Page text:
my last grandparent died this week.
almost 94 years ago, in December of 1917, the mother of my father, Anna Elizabeth Hutchinson, was born near Pittsburgh, Pennsylvania, and from the very beginning, she had an independent mind and a fierce spirit. growing up essentially as an only child -- her older sister left for college and her older brother died when she was quite young -- she had both the freedom of a small-town childhood and the benefit of a good education and parents that encouraged her to learn all she could. when she went to Antioch College in Ohio, she decided to change her name to Anne, as she "never felt like an Anna; it was just too harsh." Antioch was a good fit for her; even then it was known for its anti-racism, pro-activism, and progressive thought. it was also there that she met Martin John Gieschen, who became her husband of more than 50 years. as those years unspooled, they learned how to run a farm, an independent movie house and grocery store, and finally my grandfather's art career. my aunt and father were born, there was a move to New York, and through it all my inimitable grandmother always stayed busy learning new skills, working outside the home, and later, when they were retired, exploring the great American outdoors with a small trailer and their trusty "Monster," a Chevy Suburban. she also happened to survive polio, two kinds of cancer, an aneurysm, and a massive heart attack. i said she had a fierce spirit, didn't i?
that spirit both inspired me and motivated me; she always encouraged my various shenanigans as a child as long as they showed imagination and creativity. she was a relentless cheerleader; during the time i was struggling to establish a freelance career in television production she would call me and encourage me to stick with my "adventurous life" and not settle for something that would "curb my freedom." she was a fan of my world travels, my choice of a husband, my shared love of cats, and my cleaning/organizational skills (she liked having me clean her desk when i'd visit) -- and she always let me know it. "you're fantastic, kiddo!" she'd write to me or exclaim on the phone, and it would make me feel like a gajillion dollars.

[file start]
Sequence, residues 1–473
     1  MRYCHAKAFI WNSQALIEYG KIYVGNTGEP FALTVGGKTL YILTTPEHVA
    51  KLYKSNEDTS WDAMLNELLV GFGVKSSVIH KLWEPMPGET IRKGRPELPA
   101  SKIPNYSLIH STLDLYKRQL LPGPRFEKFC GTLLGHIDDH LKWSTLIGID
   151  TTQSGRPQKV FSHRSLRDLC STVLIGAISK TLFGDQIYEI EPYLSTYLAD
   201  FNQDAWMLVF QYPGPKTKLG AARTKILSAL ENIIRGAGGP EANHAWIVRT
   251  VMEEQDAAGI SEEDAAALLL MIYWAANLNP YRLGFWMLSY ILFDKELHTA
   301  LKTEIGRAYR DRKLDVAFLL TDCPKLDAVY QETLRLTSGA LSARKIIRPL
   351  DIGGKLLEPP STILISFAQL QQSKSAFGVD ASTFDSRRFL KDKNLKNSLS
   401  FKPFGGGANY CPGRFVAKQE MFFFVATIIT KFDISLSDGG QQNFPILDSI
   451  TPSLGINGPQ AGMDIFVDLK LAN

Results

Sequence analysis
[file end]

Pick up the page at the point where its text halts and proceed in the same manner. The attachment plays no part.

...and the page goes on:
about 9 days before she would peacefully slump over at the dinner table and quietly leave this life, i happened to catch her at a lucid time on the phone. she was excited to know that Tummymuffin IV would be another great-grandson. "oh boy, your father is in trouble!" she hooted, "he won't know what to do with him, since he has only daughters!" she told me she was happy that it was looking like we would finally have a child; as a pregnancy loss survivor herself, she'd been supportive through the last several years of good news/bad news about her Great-Grandtummymuffins.
i'm deeply grateful that i was able to have a relationship with both my grandmothers; each of them strong women who lived long lives with energy, fullness, and a powerful love for their families. my mother shows no sign of deviating from this pattern; i have no reason to doubt my inheritance of female courage and spirit. with this full turn of the wheel of generations for me, i think about how high this sets the bar for me in my heritage. i promise you, TM4, i'll do my best. as another amazing female family member wrote to me: "you are lucky to have had loving grandparents, and that you had such quality time with them in life. life will renew soon, and your new son will look at you and you'll recognize something of Anne at that moment. that's some of the miracle." i believe her.
i love you, Grandma. enjoy meeting your Great-Grandtummymuffins Isabela, Tim, and Talitha. i'm sure you'll know who they are.